Remain confused by the Goldman results but can see that the Wells Fargo and JP Morgan numbers were reasonable. The market and the media are enthusiastic about the discovery of these first green shoots of Spring and are probably right in their view that the S&P at 680 was discounting armageddon. In this more optimistic vein it seems that discussion of the bear market rally has been replaced in the financial news networks by a view that this rally has 'legs' and that the S&P can top 1,000 in short order.
Yet, underlying this upbeat outlook I can't but help feel that there is something wrong. In thirty years in finance I've always found the airline numbers to be a pretty good reflection of what's happening in the real economy. Looking at the latest numbers from IATA it would seem to me that the bottom of the cycle may arrive in early Q3 but any rebound is going to be anaemic with yields not rising until 2011. US carrier dometic yields are shrinking fast , falling 14% in March .That darling of the Street,Southwest Airlines ,has warned that it may be driven into bankruptcy with the toughest revenue environment in its history and no bottom in sight..Premium revenues for US and European airlines fell about 30% in February which will exert strong downwards pressure on Q1 numbers.Making matters worse the reduction in yield across the Atlantic last month was the worst in a decade - beating even the post 9/11 decline.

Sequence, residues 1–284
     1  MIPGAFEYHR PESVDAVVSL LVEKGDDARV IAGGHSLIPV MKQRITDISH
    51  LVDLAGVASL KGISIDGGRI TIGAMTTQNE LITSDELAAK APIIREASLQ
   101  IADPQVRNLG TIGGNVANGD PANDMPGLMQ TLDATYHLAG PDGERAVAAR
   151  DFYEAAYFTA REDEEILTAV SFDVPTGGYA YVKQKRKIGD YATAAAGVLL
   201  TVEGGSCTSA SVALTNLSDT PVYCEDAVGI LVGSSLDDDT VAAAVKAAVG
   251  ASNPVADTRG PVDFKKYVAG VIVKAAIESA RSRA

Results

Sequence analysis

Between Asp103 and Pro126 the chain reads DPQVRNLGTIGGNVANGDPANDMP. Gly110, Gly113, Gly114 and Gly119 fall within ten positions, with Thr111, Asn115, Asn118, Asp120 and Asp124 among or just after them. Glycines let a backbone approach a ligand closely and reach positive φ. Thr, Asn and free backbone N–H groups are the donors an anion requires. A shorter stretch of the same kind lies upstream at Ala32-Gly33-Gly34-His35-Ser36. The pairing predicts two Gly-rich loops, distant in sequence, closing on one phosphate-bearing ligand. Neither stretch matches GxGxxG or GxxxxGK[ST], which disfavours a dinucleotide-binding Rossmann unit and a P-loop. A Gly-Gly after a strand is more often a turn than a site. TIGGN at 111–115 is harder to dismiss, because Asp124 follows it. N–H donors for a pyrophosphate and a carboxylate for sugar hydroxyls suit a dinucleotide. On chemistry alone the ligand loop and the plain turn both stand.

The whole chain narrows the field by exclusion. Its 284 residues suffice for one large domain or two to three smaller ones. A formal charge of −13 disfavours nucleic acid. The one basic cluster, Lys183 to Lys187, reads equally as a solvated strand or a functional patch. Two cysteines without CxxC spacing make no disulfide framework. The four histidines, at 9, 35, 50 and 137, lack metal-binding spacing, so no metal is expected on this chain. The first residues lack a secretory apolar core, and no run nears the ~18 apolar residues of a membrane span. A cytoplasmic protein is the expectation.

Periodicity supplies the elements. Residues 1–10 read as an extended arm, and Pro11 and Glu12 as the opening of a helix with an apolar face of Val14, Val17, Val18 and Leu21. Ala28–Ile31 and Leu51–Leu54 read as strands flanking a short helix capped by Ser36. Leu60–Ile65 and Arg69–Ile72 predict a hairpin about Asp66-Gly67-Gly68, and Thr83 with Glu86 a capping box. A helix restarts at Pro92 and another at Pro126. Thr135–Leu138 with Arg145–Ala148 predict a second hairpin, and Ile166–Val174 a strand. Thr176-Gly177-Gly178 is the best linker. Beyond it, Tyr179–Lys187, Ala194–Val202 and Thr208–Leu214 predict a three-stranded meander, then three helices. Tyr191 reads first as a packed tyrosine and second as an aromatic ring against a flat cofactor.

I can see the Dow continuing to rise towards 9,000 but I'd like to see the airline traffic figures for May before believing that this is a structural change. My fear is that we may be closer to hitting bottom but the recovery at the tail end of 2009 will be extremely muted and the cashflow and balance sheet ramifications of over capacity are not yet discounted.